It has been reported that CCR2 null mice have high bone mass and decreased osteoclast number, size, and activity (8). In osteoclast progenitor cells, CCR2 activates downstream signaling through NF-kB and ERK1/2. This publication also reported that CCR2 knockout mice develop resistance to ovariectomy-induced bone loss, suggesting the involvement of the chemokine receptor CCR2 in estrogen’s effects on bone. However, recent work by Mader et al. showed that although CCR2 null mice have larger and stronger tibiae compared to wild-type mice, they concluded that this was due to greater body mass rather than reduced bone resorption (47). In addition, they did not observe protection against ovariectomy-induced bone loss. It is worth noting that Binder et al. (8) conducted their studies on younger female mice (10–13 weeks old), while Mader et al. used 20- to 28-week-old female mice, which may account for the different conclusions of the two studies. A third report showed that CCR2 knockout mice had increased cortical BMD but less trabecular bone in both spine and distal femur (48). Recently, it has been shown that topical treatment with the CCR2 antagonist (JNJ17166864) reduced alveolar bone loss from bacterial infection in mice supporting a role for CCR2 in bone loss (49).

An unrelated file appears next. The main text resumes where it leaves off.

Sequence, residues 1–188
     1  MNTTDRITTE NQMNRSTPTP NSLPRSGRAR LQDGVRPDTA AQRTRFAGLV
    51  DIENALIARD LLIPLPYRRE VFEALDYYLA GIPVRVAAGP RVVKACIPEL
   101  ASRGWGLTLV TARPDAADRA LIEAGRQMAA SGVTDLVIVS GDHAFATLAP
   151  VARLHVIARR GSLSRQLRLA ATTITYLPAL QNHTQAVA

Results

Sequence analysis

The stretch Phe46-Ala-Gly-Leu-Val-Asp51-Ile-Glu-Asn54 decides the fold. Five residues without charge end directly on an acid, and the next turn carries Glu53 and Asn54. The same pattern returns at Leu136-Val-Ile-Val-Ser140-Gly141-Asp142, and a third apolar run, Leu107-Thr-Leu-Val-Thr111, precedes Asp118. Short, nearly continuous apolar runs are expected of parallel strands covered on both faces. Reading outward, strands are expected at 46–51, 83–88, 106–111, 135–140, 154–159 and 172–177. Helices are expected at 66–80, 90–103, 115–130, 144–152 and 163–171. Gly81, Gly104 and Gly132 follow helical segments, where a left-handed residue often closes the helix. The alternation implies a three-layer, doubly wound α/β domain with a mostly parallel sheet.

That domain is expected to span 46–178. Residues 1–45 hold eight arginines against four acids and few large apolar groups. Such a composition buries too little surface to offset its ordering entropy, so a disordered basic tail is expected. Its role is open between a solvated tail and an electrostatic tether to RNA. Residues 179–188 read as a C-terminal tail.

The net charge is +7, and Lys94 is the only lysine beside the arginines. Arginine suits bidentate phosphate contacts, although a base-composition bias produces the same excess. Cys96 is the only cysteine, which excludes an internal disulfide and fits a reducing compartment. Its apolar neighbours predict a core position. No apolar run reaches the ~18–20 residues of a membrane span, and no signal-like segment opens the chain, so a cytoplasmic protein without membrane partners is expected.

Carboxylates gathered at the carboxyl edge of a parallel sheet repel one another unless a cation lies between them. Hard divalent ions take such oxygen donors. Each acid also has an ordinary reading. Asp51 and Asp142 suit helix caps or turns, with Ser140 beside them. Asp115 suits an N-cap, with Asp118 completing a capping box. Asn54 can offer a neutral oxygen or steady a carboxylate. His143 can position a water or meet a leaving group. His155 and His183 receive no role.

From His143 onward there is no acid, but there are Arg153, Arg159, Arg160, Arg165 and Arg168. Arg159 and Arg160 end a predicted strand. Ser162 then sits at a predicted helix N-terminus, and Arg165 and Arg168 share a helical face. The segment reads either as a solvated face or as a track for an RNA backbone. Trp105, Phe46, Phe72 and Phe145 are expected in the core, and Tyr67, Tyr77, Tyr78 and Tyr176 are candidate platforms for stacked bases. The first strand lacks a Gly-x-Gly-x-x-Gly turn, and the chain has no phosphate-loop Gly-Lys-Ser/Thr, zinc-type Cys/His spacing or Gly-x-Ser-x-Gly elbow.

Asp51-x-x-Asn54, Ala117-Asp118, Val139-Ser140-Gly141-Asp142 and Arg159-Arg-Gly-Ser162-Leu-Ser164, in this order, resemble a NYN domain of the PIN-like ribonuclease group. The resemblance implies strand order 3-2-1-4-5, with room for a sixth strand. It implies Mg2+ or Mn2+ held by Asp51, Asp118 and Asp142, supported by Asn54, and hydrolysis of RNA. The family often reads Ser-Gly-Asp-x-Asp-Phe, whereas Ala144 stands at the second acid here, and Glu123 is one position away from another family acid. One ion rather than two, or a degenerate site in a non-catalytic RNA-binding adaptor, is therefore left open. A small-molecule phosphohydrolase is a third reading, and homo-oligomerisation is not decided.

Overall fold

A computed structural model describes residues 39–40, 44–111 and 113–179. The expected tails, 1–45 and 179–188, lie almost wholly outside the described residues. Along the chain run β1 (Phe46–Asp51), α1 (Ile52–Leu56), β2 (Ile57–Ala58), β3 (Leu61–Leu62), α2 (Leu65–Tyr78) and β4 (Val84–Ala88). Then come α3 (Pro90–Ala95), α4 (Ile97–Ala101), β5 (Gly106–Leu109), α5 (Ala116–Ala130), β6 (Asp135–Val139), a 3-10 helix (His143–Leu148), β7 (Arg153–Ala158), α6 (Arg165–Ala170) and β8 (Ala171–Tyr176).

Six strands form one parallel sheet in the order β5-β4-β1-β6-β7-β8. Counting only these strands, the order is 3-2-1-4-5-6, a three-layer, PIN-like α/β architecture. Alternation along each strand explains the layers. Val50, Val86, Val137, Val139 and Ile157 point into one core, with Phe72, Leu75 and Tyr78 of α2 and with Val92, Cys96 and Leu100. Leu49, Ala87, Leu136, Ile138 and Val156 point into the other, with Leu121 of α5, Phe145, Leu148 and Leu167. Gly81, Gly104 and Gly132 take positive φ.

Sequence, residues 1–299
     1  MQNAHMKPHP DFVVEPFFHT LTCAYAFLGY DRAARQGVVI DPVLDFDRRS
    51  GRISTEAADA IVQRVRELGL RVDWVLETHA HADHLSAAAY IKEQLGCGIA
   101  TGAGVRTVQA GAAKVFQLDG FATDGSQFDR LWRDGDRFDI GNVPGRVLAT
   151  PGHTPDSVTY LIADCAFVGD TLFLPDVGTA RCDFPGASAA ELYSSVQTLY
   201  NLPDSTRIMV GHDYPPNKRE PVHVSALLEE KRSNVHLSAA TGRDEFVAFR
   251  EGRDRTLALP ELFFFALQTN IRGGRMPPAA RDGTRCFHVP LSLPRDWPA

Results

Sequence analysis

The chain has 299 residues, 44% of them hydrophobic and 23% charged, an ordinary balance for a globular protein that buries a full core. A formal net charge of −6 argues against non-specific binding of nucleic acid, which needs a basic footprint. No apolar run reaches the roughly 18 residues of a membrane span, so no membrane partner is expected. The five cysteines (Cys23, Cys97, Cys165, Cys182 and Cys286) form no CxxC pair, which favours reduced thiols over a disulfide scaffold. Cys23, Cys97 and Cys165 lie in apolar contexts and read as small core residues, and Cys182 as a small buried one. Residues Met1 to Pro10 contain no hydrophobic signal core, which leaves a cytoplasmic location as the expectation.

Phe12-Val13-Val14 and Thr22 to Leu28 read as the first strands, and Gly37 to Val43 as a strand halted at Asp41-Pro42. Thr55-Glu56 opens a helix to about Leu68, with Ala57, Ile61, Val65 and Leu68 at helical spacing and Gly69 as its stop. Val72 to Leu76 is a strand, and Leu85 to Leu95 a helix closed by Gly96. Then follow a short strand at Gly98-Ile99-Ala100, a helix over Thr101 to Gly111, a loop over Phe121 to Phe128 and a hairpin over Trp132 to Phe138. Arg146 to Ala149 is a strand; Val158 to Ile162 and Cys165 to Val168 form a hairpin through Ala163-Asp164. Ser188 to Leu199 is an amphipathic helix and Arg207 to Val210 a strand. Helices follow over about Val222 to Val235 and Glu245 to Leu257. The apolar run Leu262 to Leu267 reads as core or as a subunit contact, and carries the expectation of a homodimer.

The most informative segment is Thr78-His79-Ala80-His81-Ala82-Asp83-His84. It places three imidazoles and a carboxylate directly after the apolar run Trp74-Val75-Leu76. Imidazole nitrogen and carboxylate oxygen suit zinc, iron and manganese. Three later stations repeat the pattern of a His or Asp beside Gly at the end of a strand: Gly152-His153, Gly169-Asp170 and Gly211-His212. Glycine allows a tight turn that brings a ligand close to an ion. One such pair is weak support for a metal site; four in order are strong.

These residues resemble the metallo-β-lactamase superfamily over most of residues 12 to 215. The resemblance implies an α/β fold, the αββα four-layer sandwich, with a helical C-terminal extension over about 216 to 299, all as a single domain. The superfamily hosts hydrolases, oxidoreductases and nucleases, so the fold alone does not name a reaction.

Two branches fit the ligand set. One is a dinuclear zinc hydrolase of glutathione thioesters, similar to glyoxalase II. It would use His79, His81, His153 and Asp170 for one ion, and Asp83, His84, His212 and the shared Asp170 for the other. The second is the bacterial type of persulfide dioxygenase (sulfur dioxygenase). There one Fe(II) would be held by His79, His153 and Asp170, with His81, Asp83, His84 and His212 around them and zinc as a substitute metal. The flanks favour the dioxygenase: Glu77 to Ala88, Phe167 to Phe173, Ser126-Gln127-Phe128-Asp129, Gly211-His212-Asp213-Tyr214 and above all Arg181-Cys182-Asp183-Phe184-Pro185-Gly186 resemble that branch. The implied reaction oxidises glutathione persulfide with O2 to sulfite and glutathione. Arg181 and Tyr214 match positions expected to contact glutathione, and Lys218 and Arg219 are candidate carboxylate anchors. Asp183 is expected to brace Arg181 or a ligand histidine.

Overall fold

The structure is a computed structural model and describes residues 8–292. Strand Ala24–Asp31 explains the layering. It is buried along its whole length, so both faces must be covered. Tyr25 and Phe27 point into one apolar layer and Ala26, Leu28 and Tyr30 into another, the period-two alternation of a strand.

Role of CCL2 in PTH Action on Bone

Parathyroid hormone is synthesized and secreted by parathyroid glands and exerts its functional role in bone mass regulation by an endocrine mode (50, 51). The PTH/parathyroid hormone-related peptide (PTHrP) receptor, also known as PTH1R, is the common receptor for both PTH and PTHrP. PTH1R is mostly expressed in bone, cartilage, and kidney cells (5254).

Parathyroid hormone can exert both catabolic and anabolic effects on bone. It is well established that daily injections of low doses of PTH increase bone mass in animals and humans (55, 56). Continuous administration of PTH or PTHrP induces bone resorption by activating osteoclasts indirectly through their actions on osteoblastic cells (57). Several effects of PTH on osteoclast formation are mediated by stimulation of RANKL and inhibition of OPG mRNA expression (58). PTH’s anabolic effect can now be explained by evidence that PTH increases the proliferation and differentiation of osteoblasts in vitro and in vivo (5961), decreases osteoblast apoptosis (62, 63), and activation of bone lining cells (64, 65). PTH-mediated cAMP/protein kinase A signaling is required for Runx2 transactivation, which in turn upregulates the expression of osteoblast genes. In addition, intermittent PTH also activates ERK1/2-mitogen-activated protein kinase and phosphatidylinositol phosphate signaling pathways, resulting in increased osteoblast proliferation (66, 67).